Cherie Booth, the barrister, recently made a powerful speech at Chatham House, highlighting the remaining obstacles to women achieving equality with men and thereby realising their full potential.
It was a reminder that instead of picking over her appearance, weight and friends during the 10 years that her husband, Tony Blair, was Prime Minister, we might have done better to listen to what this human rights lawyer had to say.
In the voluntary sector, we have much to be proud of in the matter of equal opportunities. A survey by benchmarking company Agenda Consulting shows that the proportion of women in top-level positions in the voluntary sector is twice as high as the equivalent figure for the rest of the economy. When it comes to chief executives, women make up only 2 per cent elsewhere, but 33 per cent in charities.
Since one of a trustee's roles is to ensure equality of opportunity is a reality, it seems we have something here to be proud of.
But there is a danger in seeing the advance of women in our sector as a question of principle. The most effective way of dispelling prejudice is to show prejudiced people that it isn't in their best interest to cling to it.
So whatever the strength of anti-discrimination legislation and enforcement by trustees, the real reason we have so many women at or near the top of the third sector is that they have proved to be as good as any of the chaps competing with them, if not better.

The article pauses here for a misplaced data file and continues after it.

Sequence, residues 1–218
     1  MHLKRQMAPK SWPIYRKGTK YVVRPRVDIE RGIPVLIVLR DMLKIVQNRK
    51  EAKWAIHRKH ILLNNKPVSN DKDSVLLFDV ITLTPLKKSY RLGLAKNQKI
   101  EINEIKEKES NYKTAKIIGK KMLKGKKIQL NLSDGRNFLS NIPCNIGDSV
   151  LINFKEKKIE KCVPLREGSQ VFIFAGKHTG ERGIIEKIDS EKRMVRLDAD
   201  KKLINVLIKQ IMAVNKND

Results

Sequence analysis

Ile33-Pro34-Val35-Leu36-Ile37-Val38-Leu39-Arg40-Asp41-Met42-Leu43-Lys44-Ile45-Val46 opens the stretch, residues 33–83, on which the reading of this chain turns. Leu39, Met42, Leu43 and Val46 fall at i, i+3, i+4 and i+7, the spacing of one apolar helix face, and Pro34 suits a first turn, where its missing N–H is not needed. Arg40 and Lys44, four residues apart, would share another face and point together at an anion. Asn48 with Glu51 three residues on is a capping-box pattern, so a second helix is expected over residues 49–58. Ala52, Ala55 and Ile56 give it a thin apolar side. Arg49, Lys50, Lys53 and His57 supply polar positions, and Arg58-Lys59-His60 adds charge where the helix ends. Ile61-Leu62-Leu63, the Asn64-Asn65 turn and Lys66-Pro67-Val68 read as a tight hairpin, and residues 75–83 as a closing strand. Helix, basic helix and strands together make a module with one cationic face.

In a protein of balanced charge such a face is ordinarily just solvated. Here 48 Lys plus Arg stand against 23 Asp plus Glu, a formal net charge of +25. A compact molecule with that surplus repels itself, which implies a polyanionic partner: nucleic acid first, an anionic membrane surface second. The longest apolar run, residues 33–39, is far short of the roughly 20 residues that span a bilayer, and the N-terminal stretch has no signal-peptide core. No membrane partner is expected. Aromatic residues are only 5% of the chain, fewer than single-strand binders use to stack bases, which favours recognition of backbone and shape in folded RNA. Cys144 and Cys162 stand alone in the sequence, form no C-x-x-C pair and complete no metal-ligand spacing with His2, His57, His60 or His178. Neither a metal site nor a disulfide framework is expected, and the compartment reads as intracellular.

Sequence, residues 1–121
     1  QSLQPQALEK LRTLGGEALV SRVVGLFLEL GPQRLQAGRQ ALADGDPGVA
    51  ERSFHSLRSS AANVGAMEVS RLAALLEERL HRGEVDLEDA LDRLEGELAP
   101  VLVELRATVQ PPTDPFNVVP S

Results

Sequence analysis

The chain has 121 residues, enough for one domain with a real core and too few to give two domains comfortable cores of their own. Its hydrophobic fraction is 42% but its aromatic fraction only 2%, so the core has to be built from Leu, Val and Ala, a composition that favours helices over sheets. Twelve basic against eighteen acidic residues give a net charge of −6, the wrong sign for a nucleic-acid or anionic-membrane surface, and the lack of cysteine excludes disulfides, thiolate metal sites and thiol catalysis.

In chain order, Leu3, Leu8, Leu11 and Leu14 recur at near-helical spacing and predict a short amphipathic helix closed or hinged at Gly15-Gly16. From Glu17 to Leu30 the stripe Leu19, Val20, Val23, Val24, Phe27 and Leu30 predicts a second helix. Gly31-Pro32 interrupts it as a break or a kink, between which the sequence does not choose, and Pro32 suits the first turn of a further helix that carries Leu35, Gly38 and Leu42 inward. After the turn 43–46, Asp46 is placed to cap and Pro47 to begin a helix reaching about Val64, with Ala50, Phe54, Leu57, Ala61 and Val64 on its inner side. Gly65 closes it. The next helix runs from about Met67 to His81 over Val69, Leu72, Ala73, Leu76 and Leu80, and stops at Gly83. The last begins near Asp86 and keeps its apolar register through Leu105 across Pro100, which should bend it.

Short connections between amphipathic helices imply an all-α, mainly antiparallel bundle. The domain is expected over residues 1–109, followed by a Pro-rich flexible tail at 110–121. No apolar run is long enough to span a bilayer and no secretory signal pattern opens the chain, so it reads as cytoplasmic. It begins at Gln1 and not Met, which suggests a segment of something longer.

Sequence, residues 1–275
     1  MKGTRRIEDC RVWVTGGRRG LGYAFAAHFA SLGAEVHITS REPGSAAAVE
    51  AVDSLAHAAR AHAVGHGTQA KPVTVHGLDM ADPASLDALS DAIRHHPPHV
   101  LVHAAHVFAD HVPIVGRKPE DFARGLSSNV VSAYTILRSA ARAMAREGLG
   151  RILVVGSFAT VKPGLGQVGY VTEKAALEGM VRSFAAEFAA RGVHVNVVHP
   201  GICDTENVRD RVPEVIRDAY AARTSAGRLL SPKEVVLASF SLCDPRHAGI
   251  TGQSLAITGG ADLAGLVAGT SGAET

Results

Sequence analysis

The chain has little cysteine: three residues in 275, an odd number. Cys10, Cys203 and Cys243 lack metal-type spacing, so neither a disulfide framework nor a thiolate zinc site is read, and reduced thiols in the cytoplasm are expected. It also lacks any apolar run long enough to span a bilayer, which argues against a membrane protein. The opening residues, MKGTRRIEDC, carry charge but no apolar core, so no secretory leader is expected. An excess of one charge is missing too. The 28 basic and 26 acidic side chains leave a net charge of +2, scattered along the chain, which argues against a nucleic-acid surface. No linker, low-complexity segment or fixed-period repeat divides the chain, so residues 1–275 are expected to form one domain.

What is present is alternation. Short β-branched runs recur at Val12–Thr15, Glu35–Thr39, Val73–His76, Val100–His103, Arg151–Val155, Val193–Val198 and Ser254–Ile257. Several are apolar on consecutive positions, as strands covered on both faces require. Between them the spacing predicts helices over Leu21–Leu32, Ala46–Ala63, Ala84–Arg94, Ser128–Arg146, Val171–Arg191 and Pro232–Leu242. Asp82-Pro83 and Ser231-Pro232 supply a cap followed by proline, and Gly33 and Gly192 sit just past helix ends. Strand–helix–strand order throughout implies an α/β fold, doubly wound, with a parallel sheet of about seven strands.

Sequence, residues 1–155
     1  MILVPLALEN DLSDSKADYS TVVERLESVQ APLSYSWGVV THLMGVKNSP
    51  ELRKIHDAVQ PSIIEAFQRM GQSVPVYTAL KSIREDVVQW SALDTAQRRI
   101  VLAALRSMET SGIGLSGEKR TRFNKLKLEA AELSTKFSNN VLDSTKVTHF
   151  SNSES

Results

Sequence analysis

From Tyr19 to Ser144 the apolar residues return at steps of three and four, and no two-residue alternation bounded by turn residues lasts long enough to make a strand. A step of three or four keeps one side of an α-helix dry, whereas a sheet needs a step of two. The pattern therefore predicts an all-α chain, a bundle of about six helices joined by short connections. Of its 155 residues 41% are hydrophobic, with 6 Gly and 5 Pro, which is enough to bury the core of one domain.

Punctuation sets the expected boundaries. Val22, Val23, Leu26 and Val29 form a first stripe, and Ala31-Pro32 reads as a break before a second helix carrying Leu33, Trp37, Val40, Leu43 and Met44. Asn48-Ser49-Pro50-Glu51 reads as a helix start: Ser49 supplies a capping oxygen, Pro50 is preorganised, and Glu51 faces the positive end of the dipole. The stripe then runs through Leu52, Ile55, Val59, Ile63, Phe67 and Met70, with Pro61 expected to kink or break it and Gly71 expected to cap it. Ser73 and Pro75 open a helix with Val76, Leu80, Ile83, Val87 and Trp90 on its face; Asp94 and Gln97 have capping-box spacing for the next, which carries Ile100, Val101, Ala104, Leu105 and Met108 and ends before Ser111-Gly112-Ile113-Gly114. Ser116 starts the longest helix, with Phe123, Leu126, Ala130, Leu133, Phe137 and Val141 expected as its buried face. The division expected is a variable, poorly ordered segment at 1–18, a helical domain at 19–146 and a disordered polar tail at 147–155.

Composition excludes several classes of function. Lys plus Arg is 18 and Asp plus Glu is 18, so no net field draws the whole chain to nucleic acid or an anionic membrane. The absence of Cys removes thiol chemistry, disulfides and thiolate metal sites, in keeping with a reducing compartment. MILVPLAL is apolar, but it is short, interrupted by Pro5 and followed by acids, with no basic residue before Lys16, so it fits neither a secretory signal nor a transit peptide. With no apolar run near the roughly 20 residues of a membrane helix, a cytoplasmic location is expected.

Historically, another factor may have led to the healthy representation of women in charity: the perception that working for a charity wasn't a 'proper' job.
That picture has changed in recent decades, although many women are still not paid as much as their male counterparts. Indeed, the median pay for female chief executives is £49,543, compared with the male median of £57,240 - a difference of 6.7 per cent (Third Sector, 31 October).
But I wonder if there remains something at the core of the third sector that means it has such a strong record on equality of opportunity in the workplace.
At the basis of most charities is a commitment to righting injustices, ending prejudice and upholding human rights. And they don't come more fundamental than equality of opportunity for men and women.
- Peter Stanford is a writer and broadcaster, chairman of Aspire and director of the Frank Longford Charitable Trust.